About 100,000 homes have been affected by Storm Harvey and the flooding it brought to parts of the southern US, a White House aide has said.
Homeland Security adviser Tom Bossert said the White House would ask Congress for emergency funding to help those affected, some of whom are uninsured.
Meanwhile, US President Donald Trump is said to have pledged $1m (£770,000) of his own money to the relief effort.
At least 33 people have died since the storm hit Texas last Saturday. A number of deaths are still being investigated.
Firefighters have begun a door-to-door search for survivors and bodies in an operation that could take up to two weeks.
Oil refineries and pipelines have been shut down, and a fire broke out at a chemical plant near Houston.
More fires and possibly explosions are expected at the Arkema liquid organic peroxide plant, and the area around it has been evacuated up to a radius of 1.5 miles (2.4km).
A hospital in Beaumont, east of Houston, was forced to evacuate patients on Thursday after the local water supply shut down. Military Black Hawk helicopters were used to airlift intensive care patients.
Storm Harvey has now been downgraded to a tropical depression, but heavy rainfall is expected from Louisiana to Kentucky over the next three days and flood warnings remain in effect for south-east Texas and parts of south-west Louisiana.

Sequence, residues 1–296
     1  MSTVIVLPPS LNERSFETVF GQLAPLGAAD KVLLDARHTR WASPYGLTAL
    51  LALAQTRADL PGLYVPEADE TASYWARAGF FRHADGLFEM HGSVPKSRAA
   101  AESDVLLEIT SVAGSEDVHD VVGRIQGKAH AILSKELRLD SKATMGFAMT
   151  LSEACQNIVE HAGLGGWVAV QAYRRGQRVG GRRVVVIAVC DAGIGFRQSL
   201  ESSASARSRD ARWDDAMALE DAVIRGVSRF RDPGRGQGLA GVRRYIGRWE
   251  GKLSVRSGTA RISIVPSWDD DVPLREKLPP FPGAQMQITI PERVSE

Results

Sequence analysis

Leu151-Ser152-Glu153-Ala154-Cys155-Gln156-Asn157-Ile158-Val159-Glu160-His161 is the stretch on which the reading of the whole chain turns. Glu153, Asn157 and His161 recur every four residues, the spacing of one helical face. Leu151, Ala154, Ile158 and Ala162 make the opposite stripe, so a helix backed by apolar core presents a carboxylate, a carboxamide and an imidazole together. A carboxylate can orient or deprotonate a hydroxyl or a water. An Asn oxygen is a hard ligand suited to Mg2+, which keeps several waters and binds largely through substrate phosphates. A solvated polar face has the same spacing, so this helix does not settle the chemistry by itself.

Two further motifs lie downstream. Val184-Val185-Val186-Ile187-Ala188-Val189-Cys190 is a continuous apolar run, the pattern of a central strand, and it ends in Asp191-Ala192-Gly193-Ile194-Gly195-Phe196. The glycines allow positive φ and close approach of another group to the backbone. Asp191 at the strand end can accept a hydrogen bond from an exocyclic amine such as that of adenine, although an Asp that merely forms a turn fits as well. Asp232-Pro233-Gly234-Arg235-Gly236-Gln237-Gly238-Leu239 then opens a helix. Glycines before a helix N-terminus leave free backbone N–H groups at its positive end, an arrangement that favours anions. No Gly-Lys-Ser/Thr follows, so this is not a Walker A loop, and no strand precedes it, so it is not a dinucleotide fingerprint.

At a news conference on Wednesday, Texas Governor Greg Abbott said the state could need more than $125bn from the federal government to help it recover.
Bossert told reporters that the administration would “put together a responsible supplemental request for Congress” for funds. He did not give a figure but said Governor Abbott had made a fair estimate of the cost.
The request would be followed by a second one later when recovery needs were clearer, he said.
Parts of Texas have been hit by more than 50in of rainfall since Hurricane Harvey landed on 25 August, setting new records before it was downgraded to a tropical storm and, late on Wednesday, to a tropical depression.